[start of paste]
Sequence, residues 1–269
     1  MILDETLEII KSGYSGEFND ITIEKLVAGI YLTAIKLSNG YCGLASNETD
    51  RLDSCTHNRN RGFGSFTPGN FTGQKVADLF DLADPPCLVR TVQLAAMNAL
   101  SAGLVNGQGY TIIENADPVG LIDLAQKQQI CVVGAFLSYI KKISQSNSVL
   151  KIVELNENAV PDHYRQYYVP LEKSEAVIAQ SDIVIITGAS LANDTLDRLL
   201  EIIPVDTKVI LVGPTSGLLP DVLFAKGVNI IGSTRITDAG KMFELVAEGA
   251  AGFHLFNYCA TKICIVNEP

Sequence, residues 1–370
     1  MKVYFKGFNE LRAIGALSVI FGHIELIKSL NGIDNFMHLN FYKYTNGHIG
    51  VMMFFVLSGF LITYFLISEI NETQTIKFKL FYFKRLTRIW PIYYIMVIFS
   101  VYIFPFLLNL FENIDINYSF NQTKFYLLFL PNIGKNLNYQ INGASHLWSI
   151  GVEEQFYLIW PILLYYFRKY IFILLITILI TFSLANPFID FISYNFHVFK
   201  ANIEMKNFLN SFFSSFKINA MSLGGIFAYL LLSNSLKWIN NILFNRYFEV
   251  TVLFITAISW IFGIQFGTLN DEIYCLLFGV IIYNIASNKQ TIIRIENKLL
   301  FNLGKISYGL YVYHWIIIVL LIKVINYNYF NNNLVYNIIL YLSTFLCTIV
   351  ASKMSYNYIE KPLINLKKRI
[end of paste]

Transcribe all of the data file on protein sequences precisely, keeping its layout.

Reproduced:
Sequence, residues 1–269
     1  MILDETLEII KSGYSGEFND ITIEKLVAGI YLTAIKLSNG YCGLASNETD
    51  RLDSCTHNRN RGFGSFTPGN FTGQKVADLF DLADPPCLVR TVQLAAMNAL
   101  SAGLVNGQGY TIIENADPVG LIDLAQKQQI CVVGAFLSYI KKISQSNSVL
   151  KIVELNENAV PDHYRQYYVP LEKSEAVIAQ SDIVIITGAS LANDTLDRLL
   201  EIIPVDTKVI LVGPTSGLLP DVLFAKGVNI IGSTRITDAG KMFELVAEGA
   251  AGFHLFNYCA TKICIVNEP

Sequence, residues 1–370
     1  MKVYFKGFNE LRAIGALSVI FGHIELIKSL NGIDNFMHLN FYKYTNGHIG
    51  VMMFFVLSGF LITYFLISEI NETQTIKFKL FYFKRLTRIW PIYYIMVIFS
   101  VYIFPFLLNL FENIDINYSF NQTKFYLLFL PNIGKNLNYQ INGASHLWSI
   151  GVEEQFYLIW PILLYYFRKY IFILLITILI TFSLANPFID FISYNFHVFK
   201  ANIEMKNFLN SFFSSFKINA MSLGGIFAYL LLSNSLKWIN NILFNRYFEV
   251  TVLFITAISW IFGIQFGTLN DEIYCLLFGV IIYNIASNKQ TIIRIENKLL
   301  FNLGKISYGL YVYHWIIIVL LIKVINYNYF NNNLVYNIIL YLSTFLCTIV
   351  ASKMSYNYIE KPLINLKKRI